Renteria almost hits one out in the bottom of the ninth of a 3-3 game against Cleveland. It’s been a nightmare season of almosts for Detroit. Still, I watch them every single night. Inge pops up to second and a cameraman zooms in on a young woman: pretty, her tan legs propped up on the seat in front of her. She’s wearing a college sweatshirt, a Big Ten school, though I’m not sure anyone still calls it the Big Ten anymore. Next to her is a boy, her boyfriend, I figure. And next to him is his brother, their mom and dad. It’s obvious the four of them are related, just as obvious she’s not. She is texting someone, a girl, her best friend, Marcie, I imagine. She’s texting Marcie about the classes she’s taking first semester, which begins in a couple weeks at the Big Ten School represented in large letters across her shirt. She keeps typing as the game goes into extra innings. Sure, I’m scared, she writes Marcie. But I’m excited, too.
An Indian hits a homerun in the top of the tenth. They didn’t have texting when I was on the outside. I understand the concept, though. I talk by phone to people out there. I have a fourteen-year-old son who, according to his mother, “texts his life away.” I taught the boy to box when he was younger. Now he trains at a famous gym in Portland and I write him letters. It’s all I can do.
They go to the bottom of the tenth. Cleveland’s up by one.
Do they have a little typewriter pad like my old electronic dictionary, these texters, or is it a regular phone pad where you flip through menus of available letters? I wonder. I understand the concept but not the specifics.
I know what the almost co-ed is typing to her BFF. She’s going to dump his ass as soon as she gets to college. I mean, he’s nice and all, we’ve had fun, but I’m like, eighteen. I can’t be tied down. She doesn’t type the obvious: how pretty she is, how doors just seem to open, how she’ll have a million friends and guys calling her, texting her, how she’ll go to parties and not remember him, how she’ll forget all this. But her grades will be good and she’ll either fall in love for real or go to law school. It’d be a whole different story if Steve or Joe, Sinbad or whatever his name is (she’s already beginning to forget), were going to the Big Ten School, too. But he couldn’t even get in. He says he’s going to Junior College, but he’s not even 100% on that. It’s obvious to her, though he doesn’t think it is. He thinks he’s fooling her, along with himself.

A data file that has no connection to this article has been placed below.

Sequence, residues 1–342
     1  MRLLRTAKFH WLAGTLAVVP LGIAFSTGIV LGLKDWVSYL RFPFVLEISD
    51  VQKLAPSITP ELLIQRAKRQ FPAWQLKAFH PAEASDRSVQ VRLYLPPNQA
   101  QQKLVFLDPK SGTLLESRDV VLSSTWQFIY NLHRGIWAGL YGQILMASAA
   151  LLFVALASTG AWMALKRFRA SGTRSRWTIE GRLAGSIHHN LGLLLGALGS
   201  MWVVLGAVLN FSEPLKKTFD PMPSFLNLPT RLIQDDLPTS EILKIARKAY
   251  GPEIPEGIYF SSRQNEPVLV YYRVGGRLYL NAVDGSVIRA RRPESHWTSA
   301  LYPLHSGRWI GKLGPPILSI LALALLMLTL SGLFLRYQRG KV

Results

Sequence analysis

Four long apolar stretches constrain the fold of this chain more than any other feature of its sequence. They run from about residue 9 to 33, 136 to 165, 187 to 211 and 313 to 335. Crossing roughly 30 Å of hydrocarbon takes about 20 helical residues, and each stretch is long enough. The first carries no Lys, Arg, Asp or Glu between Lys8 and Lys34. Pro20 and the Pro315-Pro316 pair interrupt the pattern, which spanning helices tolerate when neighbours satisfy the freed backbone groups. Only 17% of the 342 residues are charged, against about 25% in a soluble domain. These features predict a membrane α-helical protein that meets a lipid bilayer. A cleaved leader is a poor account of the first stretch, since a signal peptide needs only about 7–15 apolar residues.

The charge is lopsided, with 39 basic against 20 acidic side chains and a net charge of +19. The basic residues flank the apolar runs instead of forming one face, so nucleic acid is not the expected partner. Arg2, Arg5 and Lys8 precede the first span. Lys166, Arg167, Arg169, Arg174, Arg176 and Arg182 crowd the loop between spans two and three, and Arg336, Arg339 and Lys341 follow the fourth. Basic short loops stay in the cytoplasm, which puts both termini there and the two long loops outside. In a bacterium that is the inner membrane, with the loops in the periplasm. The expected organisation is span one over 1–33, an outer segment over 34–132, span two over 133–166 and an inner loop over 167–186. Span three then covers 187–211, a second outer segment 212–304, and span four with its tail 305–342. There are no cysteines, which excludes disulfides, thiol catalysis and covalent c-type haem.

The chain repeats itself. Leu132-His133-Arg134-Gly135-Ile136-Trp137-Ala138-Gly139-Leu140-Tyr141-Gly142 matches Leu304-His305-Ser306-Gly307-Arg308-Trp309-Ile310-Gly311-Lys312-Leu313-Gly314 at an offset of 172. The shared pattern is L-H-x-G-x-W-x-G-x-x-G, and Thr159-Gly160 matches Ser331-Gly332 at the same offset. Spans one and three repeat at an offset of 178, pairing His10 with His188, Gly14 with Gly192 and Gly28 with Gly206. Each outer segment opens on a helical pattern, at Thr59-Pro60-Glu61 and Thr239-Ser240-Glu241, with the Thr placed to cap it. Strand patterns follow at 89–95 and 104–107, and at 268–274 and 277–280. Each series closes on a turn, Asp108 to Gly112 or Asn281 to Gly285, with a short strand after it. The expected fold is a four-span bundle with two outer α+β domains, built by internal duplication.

The Tigers go down easily, 3 up, 3 down. They lose again. They’re not even going to finish this year at .500. He doesn’t know yet she’s going to leave him. He thinks she likes baseball, too. She doesn’t. It’s boring, stupid. She will never like baseball, ever. People are leaving, going home. She says goodbye to Marcie, who is not going to the Big Ten School in the fall either, but that’s different. She and Marcie will always be best friends. It’s not even a question.
He takes her hand. They are exiting Comerica Park. She lets him. She smiles at him, even, thanks him for taking her tonight. She lets him believe in something a while longer. She’ll forget about this night pretty soon. He won’t. He’ll keep the ticket stub. He’ll enjoy watching that kid Cabrera, who’s knocked in a hundred runs every year his first five years in the Majors, who’ll get to the Hall of Fame if he stays healthy.
The girl’s phone rings. She lets go of his hand, types a few words, which seem to me a little like a postmodern poet â€“ Wallace Stevens, for one. Or Elliot, whom I love. I admire that use of language. I understand it, though it’s beyond my ability to perform. Like texting would be if I were out in the world. I would see all these people around me, typing on their little keypads with ease. But some of us just can’t get it, and after a while we don’t even try anymore. We’re out of touch, in our own world. We sit there in love while she’s already written the end in sparse, abbreviated language we will never understand.